Concert review: The Doors were somewhat a jar (1970)

The Doors, musically, were somewhat a jar

By Preston Reese

By the time the Doors’ Jim Morrison mounted the Long Beach Arena’s stage Saturday, his audience of 12,000 teenyboppers had already had their young heads blown hither and yon by a series of uppers and downers from the other groups.

The Doors, a hard-rock group, first came into attention three years ago with their hit record “Light My Fire.” More recently the group was publicized when its lead singer, Jim Morrison, was arrested for “lewd and lascivious behavior” during a Florida concert.

doors-concert-long-beach-feb-1970The concert opened with The Flying Burrito Brothers, a group of ex-Byrd members who offered their usual mediocre country-western sampling.

Albert King’s hour-long set followed and brought the audience up with doses of blues-rock, but brought them right back down again when he switched to “heavy” blues, featuring “You’re So Mean To Me.”

King’s technically excellent band had its own cheering squad in what seemed to have been a 90 percent Doors-fan audience, which showed little response to the harsh, beatless type of blues with which he closed his set. The same empty mood prevailed through most of the Doors’ part of the concert, too.

Morrison was in terrible voice, plodding through most of his songs with no attempt at styling or building climaxes.

Although he prodded the audience several times with, “turn out the light!” at the top of his voice during “When the Music’s Over,” he couldn’t seem to recapture this old Morrison style, which at one time took very little trying, which was part of the style itself.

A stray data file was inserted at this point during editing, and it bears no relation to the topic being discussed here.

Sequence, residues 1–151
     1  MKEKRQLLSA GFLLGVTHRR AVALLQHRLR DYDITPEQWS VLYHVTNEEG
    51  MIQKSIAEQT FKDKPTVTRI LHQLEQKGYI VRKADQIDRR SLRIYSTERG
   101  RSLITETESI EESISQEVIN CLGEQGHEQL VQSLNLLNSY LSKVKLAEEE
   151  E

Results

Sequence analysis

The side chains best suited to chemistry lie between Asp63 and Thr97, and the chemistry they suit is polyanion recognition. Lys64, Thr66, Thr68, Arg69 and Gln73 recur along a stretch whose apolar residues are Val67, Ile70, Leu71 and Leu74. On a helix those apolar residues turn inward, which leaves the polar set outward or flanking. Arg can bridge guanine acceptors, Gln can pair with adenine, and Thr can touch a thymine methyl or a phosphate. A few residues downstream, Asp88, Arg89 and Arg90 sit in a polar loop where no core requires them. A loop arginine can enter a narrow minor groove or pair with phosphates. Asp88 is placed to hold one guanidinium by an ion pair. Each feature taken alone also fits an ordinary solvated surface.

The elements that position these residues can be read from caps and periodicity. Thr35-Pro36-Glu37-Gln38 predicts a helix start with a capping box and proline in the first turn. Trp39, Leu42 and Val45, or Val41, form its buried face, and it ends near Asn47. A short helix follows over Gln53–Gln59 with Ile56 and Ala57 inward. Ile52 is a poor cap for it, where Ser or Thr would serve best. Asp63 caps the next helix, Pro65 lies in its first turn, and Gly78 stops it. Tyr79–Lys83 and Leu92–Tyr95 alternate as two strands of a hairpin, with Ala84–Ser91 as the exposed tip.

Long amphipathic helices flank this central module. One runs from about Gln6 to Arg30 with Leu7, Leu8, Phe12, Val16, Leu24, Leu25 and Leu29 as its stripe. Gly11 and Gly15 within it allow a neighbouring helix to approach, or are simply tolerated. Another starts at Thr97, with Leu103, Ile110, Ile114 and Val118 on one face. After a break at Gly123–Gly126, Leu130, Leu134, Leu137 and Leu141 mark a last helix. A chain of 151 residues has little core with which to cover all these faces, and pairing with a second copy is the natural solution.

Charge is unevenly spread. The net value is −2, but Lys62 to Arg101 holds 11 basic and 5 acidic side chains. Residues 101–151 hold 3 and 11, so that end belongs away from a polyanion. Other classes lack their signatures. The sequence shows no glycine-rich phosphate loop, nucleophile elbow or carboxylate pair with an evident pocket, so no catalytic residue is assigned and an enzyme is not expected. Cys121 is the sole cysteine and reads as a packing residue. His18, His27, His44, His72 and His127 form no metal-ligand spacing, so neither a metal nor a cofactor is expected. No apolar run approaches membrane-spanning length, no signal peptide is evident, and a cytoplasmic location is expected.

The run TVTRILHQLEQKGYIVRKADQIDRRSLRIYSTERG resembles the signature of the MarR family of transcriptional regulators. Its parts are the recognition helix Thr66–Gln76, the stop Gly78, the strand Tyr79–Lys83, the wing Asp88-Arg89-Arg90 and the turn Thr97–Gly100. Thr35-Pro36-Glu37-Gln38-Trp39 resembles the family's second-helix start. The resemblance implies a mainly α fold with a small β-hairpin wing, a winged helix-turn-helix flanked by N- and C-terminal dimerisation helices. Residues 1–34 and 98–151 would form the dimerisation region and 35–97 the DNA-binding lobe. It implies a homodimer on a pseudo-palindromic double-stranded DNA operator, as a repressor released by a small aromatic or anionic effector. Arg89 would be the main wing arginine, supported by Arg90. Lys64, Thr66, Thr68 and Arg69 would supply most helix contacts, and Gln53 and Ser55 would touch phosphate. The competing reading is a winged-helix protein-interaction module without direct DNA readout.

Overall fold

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Robby Krieger’s guitar carried a half-hour version of “Light My Fire,” with tight transitions into “Summertime” and various improvised songs by Morrison, who threw in a choppy harmonica solo, which didn’t help the song any, although he was boosted by half the audience, which lighted matches.

Morrison’s repertoire included all the “big ones”… applause-getters which proved themselves years ago, such as, “Soul Kitchen” and “Alabama Song (Whiskey Bar).”

He introduced a couple of new songs which didn’t fare too well, along with “I’m a Spy” and “Gloria,” the latter having hinted the concert might improve after all, but soon it was 11:30 pm, the concert was about to close, and after “When the Music’s Over,” the house lights were up.

Morrison asked: “Does anybody have to be home early?… Turn those lights off, man.” And then he really got into it, with “Love Me Two Times.”

In answering shouts from the audience requesting “Crystal Ship” and “Touch Me,” Morrison asked the audience to decide by applause which one they wanted to hear. “Crystal Ship” won… and bombed.

After the first few lines, Morrison stopped the song when he and guitarist Krieger couldn’t get together.

He did a great job of “Touch Me,” however, and after a minor scrap between he and an audience member, closed the concert at 1 am with “The End.” It was about time.

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1970-The Doors, musically, were somewhat a jar

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